By: Philipp Stollenmayer (Kamibox)
I had been looking forward to Philipp Stollenmayer’s supertype ever since I saw the first gameplay trailer for it. However, I was a bit worried it would make me angry, like so many of his games do. I loved the idea of using letters as physical objects with shape and weight to them, but was worried my brain wouldn’t be able to come up with the solutions. It turns out, those fears were unwarranted, as I completed the whole game in a few days. It’s such a clever concept and I had trouble putting it down once I started.
Basically, each of its over one hundred levels has some floating squares that you need to hit with letters. Most of the time, you’re typing these letters in with a keyboard like you would type anything else on your touchscreen device. When you’re happy with the letters you’ve chosen, just press ENTER and they’ll all fall at once. The catch is, like with most physics game of its ilk, you have to hit all the squares at the same time. So let’s say one square has a platform under it and you get an m to land on it. But the other square is floating in space without any support near it. That means the other letter has to hit the second square after the m lands on the platform or they’ll be out of sync. The board is usually set up so that just a few specific letters can set off a chain reaction to solve the puzzle. For instance, you might need to use an r to knock off the dot in an i. Or have a p fall against an o to push it down a slope. Paying attention to the shape and weight of each letter will help you come up with the solutions, like noticing that a c rolls left and an e rolls right. You can also use the spacebar if you want to leave a space blank or put some space between letters.https://www.appunwrapper.com/wp-content/uploads/2018/05/img_2797.trim_.mov
As you progress, new elements will be added, such as platforms that dissolve a few seconds after they’re touched, or antigravity blocks that push up anything that lands on them. You’ll have to get creative to figure out the trickiest of the bunch. But if you’re stumped, trial and error can help, or you can skip a level and try the next one. I’m glad the game offers that option, as I had trouble with a few of them and came back at the end to solve them. There were some really clever puzzles that were truly satisfying to see in motion and I’m glad I didn’t give up on any of them.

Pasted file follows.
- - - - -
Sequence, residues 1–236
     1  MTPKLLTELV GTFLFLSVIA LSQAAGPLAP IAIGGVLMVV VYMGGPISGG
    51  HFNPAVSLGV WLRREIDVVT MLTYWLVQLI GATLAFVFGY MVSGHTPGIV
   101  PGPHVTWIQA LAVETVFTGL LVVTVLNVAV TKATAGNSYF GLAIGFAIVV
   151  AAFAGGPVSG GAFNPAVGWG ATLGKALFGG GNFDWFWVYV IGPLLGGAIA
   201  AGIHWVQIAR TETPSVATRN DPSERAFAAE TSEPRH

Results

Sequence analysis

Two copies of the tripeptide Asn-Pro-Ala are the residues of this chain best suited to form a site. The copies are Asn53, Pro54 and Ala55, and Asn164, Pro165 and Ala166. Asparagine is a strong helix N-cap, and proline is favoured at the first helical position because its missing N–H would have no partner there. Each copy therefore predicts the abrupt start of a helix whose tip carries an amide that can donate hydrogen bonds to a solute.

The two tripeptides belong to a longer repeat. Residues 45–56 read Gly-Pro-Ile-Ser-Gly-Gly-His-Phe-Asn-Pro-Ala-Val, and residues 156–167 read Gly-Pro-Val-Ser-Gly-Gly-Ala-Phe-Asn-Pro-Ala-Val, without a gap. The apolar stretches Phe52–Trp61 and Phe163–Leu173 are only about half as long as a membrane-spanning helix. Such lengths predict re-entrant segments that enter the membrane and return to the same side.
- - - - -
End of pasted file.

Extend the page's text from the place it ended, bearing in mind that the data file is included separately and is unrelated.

I will say, though, that I was less keen on the puzzles that already have the letters on the board and ask you to draw a single line to direct them to the goals. They sometimes required too much precision, and I found myself wasting a lot of time drawing the same line over and over at a slightly different angle or length. When they worked well, I enjoyed them, but the ones that demanded perfection wore down my patience. Still, none of them were truly impossible, as I completed all of them. And the better ones did break up the pattern a bit so things felt fresh.
I also liked how every level has a different background, so you never know what to expect next. It’s also really cool how the level select screen has a static background for solved levels, but when you swipe up and down, the backgrounds of the unsolved levels scroll with you and stand out. It’s a nice touch that shows the care that went into this game. Unfortunately, there’s no iCloud sync, so I recommend just playing on your iPhone so you can work on the puzzles whenever and wherever. It plays in portrait mode, so it’s best on an iPhone anyway.
Overall, supertype is a solid offering from a developer who never stops innovating. I’m usually intrigued by Stollenmayer’s games but always get frustrated and give up on them. supertype is the first one I finished and I’d have gladly taken another hundred levels. It’s a steal at $0.99 if you have even the slightest interest in puzzle games. Every single level might not be brilliant, but there’s enough magic here to make it more than worth your time and money. So grab it here and if you need help, try my complete walkthrough guide.